The most ubiquitous WAN or Wide Area Network is the Internet. It goes everywhere and connects nearly everyone. It's the ultimate mesh network. Connections to the Internet are relatively cheap and available in many forms, from wireline to wireless to fiber optic. So what limits Internet performance? There are two problems, really. One is security and the other is performance predictability.
The fact that everyone's connected to the Internet means you have to take special measures if you hope to keep your private business information private. That means encryption of your data during transmission and while it is resident in facilities you don't control, like remote storage. The VPN or Virtual Private Network is a software solution that creates private tunnels through the Internet by encrypting and decrypting your data. It's a popular solution for remote workers who will connect to the company servers using their home Internet connections and need to access sensitive information.
Performance is another matter. The Internet is a public utility. You have no control over who uses it or for what purpose. Fluctuations in bandwidth are commonly experienced by residential users on DSL and Cable broadband, both of which are "best effort" shared use services.
The Internet is designed to accommodate a high volume of traffic generated by an enormous number of users and to do this reliably. It is self-healing in that a failed router or cut line will be bypassed and other paths used. For those reasons, characteristics such as jitter, latency and packet loss are not guaranteed and can be expected to vary. This is no problem for data transmission using TCP/IP, the popular protocol for transporting packets. But it can wreak havoc on real-time services such as VoIP telephone and Video conferencing.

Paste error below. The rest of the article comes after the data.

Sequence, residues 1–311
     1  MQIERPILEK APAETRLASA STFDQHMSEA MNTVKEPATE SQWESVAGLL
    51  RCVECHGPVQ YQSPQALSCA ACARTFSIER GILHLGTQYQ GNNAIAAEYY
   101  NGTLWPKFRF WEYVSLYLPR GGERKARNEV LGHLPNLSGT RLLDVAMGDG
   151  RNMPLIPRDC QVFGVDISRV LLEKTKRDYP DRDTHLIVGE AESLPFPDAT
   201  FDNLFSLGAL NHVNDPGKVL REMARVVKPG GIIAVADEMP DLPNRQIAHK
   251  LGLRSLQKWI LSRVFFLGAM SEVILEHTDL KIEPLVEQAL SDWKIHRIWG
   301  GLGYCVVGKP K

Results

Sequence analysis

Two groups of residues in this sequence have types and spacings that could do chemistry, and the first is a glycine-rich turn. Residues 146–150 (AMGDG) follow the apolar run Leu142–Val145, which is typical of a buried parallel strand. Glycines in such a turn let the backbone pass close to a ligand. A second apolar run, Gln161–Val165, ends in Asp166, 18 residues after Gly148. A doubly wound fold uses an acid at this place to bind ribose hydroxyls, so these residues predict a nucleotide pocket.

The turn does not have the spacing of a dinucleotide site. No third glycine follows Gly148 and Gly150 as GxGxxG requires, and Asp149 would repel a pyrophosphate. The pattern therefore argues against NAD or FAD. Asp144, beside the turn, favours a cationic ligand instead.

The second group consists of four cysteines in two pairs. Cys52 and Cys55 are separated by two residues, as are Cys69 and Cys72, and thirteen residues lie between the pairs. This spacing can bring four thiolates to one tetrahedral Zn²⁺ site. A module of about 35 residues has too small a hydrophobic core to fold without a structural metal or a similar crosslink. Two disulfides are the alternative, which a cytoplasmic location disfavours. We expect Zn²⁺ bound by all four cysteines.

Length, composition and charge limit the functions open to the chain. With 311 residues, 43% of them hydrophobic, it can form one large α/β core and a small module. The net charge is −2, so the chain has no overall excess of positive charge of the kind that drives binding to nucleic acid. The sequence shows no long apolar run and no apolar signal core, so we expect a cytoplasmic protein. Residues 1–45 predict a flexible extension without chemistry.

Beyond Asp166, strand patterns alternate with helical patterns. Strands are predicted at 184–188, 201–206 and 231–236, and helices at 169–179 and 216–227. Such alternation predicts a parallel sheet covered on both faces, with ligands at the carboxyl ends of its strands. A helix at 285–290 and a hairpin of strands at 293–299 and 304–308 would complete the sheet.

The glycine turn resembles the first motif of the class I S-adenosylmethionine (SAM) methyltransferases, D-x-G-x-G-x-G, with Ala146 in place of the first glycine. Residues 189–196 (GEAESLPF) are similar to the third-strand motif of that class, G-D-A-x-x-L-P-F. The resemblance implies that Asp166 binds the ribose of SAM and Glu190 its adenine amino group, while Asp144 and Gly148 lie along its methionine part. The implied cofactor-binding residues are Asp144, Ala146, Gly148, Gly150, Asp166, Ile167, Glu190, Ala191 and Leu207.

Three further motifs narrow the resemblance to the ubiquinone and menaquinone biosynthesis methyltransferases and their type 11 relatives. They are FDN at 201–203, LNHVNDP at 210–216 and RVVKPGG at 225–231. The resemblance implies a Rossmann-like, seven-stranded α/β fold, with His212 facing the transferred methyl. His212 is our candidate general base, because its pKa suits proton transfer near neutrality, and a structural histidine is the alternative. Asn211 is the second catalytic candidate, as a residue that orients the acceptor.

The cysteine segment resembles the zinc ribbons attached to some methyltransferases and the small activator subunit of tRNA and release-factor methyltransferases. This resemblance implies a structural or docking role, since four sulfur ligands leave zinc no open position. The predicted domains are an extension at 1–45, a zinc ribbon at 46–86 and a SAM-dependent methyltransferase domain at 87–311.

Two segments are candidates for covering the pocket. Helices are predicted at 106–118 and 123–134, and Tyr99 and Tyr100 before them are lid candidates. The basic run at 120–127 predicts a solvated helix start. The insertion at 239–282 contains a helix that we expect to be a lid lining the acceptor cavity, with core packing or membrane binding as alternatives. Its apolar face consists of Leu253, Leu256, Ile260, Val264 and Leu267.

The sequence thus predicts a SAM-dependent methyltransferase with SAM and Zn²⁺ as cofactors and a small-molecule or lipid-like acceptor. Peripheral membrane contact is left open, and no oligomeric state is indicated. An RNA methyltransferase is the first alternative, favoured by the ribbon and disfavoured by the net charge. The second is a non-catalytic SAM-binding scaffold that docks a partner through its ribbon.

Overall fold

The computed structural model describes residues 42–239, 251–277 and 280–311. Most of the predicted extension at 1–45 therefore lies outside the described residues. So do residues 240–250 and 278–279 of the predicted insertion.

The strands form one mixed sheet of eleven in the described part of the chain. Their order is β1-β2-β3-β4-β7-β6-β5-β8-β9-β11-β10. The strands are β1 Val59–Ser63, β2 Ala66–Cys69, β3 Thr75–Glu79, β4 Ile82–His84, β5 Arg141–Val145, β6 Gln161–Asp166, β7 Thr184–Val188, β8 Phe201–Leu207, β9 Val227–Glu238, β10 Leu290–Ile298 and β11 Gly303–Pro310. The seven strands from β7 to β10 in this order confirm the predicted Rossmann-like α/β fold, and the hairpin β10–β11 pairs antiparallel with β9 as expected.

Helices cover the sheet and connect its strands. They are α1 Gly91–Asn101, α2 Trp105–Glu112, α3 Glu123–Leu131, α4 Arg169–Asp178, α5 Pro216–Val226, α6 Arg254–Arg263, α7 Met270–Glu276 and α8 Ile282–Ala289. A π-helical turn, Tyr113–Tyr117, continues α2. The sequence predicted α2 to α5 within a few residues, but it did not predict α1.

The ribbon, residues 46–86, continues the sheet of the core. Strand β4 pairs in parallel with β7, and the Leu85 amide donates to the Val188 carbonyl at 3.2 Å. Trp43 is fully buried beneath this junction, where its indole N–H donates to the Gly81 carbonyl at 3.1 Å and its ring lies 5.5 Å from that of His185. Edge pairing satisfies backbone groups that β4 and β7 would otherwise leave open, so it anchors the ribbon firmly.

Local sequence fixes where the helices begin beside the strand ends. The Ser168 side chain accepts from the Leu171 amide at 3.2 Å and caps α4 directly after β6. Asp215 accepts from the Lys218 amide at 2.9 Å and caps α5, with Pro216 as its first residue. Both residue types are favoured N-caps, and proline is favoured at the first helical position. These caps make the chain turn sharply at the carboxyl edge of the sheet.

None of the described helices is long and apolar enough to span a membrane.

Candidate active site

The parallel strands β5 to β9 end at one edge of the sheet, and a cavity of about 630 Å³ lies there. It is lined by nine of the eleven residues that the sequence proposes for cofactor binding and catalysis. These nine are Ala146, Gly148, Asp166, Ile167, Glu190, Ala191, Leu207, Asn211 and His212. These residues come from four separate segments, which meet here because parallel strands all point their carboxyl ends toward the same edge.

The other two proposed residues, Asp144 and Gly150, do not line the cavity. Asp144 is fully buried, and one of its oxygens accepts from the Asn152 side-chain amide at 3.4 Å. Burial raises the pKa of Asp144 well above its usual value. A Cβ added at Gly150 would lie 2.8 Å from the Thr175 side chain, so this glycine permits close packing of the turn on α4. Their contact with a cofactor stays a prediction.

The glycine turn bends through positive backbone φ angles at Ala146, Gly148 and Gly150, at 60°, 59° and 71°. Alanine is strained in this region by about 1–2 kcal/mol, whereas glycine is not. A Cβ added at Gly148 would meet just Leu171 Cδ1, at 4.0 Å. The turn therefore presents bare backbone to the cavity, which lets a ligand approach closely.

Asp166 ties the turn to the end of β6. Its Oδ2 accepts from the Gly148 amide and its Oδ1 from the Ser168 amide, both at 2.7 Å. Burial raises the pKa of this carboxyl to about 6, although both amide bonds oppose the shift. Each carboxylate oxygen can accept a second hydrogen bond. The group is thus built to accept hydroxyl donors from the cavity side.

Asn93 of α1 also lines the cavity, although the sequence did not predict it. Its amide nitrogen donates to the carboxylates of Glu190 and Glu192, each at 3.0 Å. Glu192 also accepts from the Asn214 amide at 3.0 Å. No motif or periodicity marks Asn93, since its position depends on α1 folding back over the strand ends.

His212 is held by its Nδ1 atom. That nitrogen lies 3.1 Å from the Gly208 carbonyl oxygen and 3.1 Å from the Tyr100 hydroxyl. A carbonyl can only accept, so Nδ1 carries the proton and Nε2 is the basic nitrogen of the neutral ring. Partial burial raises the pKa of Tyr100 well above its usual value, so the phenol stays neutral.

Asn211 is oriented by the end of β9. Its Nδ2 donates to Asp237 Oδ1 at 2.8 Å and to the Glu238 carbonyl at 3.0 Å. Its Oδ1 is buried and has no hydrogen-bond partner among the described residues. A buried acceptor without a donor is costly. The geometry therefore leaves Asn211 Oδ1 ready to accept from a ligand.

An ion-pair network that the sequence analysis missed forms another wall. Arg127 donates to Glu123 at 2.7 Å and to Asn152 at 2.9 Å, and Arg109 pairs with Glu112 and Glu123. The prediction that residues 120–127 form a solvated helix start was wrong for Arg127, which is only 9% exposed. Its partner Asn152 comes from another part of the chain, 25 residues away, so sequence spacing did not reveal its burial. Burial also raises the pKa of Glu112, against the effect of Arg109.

Business grade Internet connections function much better than consumer oriented services. But if you want to maintain control of your network quality over distance, you need to get off the Internet and use a private network service. In the past, Frame Relay was the way to go. Today, MPLS or Multi-Protocol Label Switching networks are the WAN solution of choice. In essence, the bandwidth you need is reserved for you by the network operator and only those locations you specify can be part of your network. That improves both stability and security.
MPLS is a mesh networking topology. Each location connects to the network "cloud" via a T1 line or higher bandwidth option such as DS3 or Gigabit Ethernet. The network operator provides a high performance fiber optic core network for the majority of the connection distance.
But what if you only need to connect two locations? Point to Point dedicated private lines are the traditional and often lowest cost solution. Security issues are minimized because you have exclusive use of the lines themselves. When you aren't transmitting data, they simply idle.
You can expand the point to point solution to more locations, usually by establishing a star network with the headquarters location as the hub. It becomes a cost tradeoff as to when an MPLS network becomes the better solution as the number of interconnected locations increases.
Which WAN topology is right for your situation? You need to know the options and the best way to find them is to get competitive quotes on WAN services for your business locations. There is no cost for this service to serious business users and expert consulting is included to help you sort out the myriad of options available today.